Lebanon, a country that has always been an amazing musical façade for the eastern and western lands, transcending reality by all means. After a long and dreadful lockdown that has been added to a series of multiple crisis that weighed heavily on the Lebanese people, a light of hope cleared its way right from Saint Joseph Church (Saint Joseph University in Beirut). It all happened on Friday, March 26, 2021, thanks to the determination of Pascale Ojeil, initiator and organizer of the event, when the Lebanese Philharmonic Orchestra, the choirs of both Antonine University and Notre Dame University – Louaize, succeeded, throughout a concert given in the capital of Lebanon, to confirm what Nietzsche had once declared in a letter addressed to his friend and composer Peter Gast: “Life without music is quite simply an error, an ordeal, an exile”…

This high-caliber artistic performance, greatly supported by the Lebanese National Higher Conservatory of Music and especially by its Director, Dr. Walid Moussallem, in collaboration with the Italian Cultural Institute, inaugurated the musical season of the conservatory with Luigi Cherubini’s “Requiem”. Led by the great Maestro Toufic Maatouk, the orchestra and choristers have thus reinterpreted this tribute in C minor, dedicated in 1817 to King Louis XVI, King of France and Navarre, who died in the guillotine in 1793 in Paris. When asked why the organizers opted for the “Requiem” by this great Italian composer who belonged to the end of the 18th and the beginning of the 19th century, the Conductor, Toufic Maatouk, answers: “Cherubini is a composer who is not very well known, but whose impact has been extremely strong in the history of French and Italian music. His “Requiem” is unusual in several ways. It is intended to be “embodied” by a choir and orchestra only; soloists don’t have their place here”. For its part, Pascale Ojeil insists that, when the idea of launching such a concert occurred to her, performing Cherubini’s “Requiem” struck her as a revelation. “I am in awe of this composer who was also Director of the National Conservatory in Paris for almost 20 years, an institution he protected with great fervour against all political tribulations. Thus, this initiative was, regarding my own experience, an exteriorization of this cultural resistance that has been raging in me for some time”, notes Pascale Ojeil, also an opera singer and passionate about classical music.

According to Toufic Maatouk, one could describe this requiem as being more of a liturgical artwork than a simple concert piece. In fact, this “incomparable masterpiece” (to quote the German composer Johannes Brahms), is a “sincere call to mercy, a call to life for all mankind whose nature is transitory”, as states the Lebanese Maestro, concerning the Dies Iræ, which is the most distinctive part of the “Requiem”. In these difficult times in Lebanon, what could be better than this exhortation evoked in the Agnus Dei (which is the most unusual movement of this musical performance): “give them rest”. A time of indefinite peace that the country so badly needs and which could, eventually, allow culture to regain the stability lost in the aftermath of the economic crisis and the devastating explosion of August 4, 2020. As a matter of fact, we cannot but specify that the explosion which took place last summer severely damaged the sections of the Conservatory located in Monot and in the district of Zokak el-Blat and that the Conservatory itself is the victim of serious budgetary complications. This concert is therefore a call for support, both moral and financial, to perpetuate, on the one hand, the culture of classical music in Lebanon and, on the other hand, to collect funds to ensure the restoration of the branches demolished by the explosion as well as the purchase of new instruments for the Lebanese Philharmonic Orchestra (which, generally, should be changed every 5 years), as Pascale Ojeil and Toufic Maatouk explain. “It is now crucial to rally the collective awareness in order to save our culture, before it is too late. It is not only our professional musicians who urgently need new instruments, but also the young students whose parents can no longer afford to buy them, given the current circumstances and the devaluation of the Lebanese pound ”, insists the initiator and organizer of the concert.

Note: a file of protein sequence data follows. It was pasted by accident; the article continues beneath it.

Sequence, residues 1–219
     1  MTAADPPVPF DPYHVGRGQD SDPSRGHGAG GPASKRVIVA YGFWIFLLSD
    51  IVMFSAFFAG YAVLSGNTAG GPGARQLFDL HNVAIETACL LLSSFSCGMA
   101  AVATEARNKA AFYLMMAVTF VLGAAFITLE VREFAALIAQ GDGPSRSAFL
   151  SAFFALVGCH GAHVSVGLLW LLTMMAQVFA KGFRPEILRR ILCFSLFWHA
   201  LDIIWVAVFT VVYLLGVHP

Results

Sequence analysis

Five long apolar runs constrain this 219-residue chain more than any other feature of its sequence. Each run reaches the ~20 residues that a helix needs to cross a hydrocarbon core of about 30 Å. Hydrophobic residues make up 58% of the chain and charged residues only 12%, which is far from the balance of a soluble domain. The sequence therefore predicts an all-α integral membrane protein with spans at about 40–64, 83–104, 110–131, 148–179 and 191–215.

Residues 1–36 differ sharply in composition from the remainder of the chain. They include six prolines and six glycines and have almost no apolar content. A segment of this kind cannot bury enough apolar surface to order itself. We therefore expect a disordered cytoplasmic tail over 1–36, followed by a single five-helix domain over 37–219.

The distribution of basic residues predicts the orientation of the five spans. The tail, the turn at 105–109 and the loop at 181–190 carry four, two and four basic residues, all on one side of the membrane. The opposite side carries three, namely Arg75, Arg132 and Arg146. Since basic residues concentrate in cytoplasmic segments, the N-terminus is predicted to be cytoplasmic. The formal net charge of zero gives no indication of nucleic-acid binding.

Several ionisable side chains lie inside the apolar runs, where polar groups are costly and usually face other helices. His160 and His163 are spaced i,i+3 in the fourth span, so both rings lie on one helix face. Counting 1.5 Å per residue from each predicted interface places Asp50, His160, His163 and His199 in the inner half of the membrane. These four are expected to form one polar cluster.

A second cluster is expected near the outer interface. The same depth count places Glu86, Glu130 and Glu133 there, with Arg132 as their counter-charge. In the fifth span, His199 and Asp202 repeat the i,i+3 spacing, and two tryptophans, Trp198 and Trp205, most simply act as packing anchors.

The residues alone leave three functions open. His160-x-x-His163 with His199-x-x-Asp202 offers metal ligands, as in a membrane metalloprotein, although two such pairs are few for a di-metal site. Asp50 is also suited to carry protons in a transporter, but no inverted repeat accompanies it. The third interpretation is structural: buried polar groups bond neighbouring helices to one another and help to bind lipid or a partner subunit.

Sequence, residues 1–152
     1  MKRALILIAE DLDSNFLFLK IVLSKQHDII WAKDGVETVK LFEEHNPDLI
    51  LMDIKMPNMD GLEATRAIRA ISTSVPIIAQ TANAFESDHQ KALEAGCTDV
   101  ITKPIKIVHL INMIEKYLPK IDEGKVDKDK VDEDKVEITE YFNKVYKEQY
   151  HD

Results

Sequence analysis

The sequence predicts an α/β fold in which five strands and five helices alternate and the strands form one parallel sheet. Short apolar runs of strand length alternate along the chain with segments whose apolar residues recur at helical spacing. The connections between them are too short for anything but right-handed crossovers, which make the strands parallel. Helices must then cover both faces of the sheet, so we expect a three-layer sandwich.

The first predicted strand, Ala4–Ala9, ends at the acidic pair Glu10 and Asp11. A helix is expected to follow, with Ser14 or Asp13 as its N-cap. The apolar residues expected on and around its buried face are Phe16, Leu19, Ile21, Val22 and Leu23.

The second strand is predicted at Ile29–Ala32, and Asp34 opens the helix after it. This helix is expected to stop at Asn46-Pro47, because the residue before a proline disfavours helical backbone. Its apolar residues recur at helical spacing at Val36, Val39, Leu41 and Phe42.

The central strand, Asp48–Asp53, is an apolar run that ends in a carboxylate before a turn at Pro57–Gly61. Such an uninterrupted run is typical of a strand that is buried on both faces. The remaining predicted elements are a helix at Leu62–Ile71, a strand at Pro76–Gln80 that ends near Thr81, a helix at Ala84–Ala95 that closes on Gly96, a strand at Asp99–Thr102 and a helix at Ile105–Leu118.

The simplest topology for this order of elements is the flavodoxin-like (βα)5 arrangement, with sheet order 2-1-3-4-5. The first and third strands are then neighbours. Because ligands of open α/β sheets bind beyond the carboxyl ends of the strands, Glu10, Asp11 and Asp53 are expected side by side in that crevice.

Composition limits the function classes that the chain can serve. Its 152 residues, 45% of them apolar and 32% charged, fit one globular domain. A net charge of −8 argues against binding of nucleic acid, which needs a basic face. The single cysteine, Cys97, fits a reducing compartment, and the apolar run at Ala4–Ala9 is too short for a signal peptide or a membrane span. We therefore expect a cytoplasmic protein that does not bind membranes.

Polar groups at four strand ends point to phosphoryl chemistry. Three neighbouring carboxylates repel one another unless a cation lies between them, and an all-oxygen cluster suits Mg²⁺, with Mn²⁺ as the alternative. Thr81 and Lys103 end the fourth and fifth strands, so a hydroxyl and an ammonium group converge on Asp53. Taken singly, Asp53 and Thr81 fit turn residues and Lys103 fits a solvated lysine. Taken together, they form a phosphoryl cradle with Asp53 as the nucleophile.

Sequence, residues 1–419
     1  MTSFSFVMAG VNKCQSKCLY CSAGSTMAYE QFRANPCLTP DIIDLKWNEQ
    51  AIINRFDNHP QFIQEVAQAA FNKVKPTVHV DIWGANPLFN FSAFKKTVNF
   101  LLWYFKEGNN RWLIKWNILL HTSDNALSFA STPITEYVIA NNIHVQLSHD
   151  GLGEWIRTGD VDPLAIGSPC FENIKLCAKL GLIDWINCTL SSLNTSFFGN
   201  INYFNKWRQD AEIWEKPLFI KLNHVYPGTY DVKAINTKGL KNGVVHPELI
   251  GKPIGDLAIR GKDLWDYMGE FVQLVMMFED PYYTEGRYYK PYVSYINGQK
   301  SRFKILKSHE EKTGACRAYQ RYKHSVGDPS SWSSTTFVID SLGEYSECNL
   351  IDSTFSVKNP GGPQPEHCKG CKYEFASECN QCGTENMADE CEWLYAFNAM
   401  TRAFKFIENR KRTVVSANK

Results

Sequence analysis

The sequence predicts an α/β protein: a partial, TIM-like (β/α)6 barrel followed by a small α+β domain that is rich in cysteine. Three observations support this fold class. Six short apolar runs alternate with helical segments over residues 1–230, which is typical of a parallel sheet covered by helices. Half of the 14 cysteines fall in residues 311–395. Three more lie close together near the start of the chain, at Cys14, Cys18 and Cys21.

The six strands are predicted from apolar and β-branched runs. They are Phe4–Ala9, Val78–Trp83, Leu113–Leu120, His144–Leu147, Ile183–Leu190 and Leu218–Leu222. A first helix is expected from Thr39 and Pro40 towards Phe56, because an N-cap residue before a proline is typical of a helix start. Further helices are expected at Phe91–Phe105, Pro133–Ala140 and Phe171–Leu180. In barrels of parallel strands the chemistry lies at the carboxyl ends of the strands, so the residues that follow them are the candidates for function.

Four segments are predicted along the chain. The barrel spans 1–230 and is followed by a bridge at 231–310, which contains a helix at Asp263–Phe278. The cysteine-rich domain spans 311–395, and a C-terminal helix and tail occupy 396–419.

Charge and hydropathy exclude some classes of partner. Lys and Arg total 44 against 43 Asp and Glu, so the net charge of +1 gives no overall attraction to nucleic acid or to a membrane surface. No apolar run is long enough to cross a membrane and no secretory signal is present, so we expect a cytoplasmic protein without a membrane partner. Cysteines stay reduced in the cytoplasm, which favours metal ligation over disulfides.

And as Plato says, “Music is a moral law. It gives soul to the universe, wings to the mind, flight to the imagination, and charm and gaiety to life and to everything”. Therefore, let us preserve our music, protect what remains of our cultural heritage and let us not fail to help the Lebanese music industry… 

To immerse yourself in Cherubini’s fascinating world, let his music overwhelm you, with a direct access to the concert held on Friday, March 26, 2021: 

For your donations to the Conservatory: https://www.just-help.org/c/ConservatoireLiban. These donations can be made online, from any country, regardless of the currency (including the Lebanese pound).

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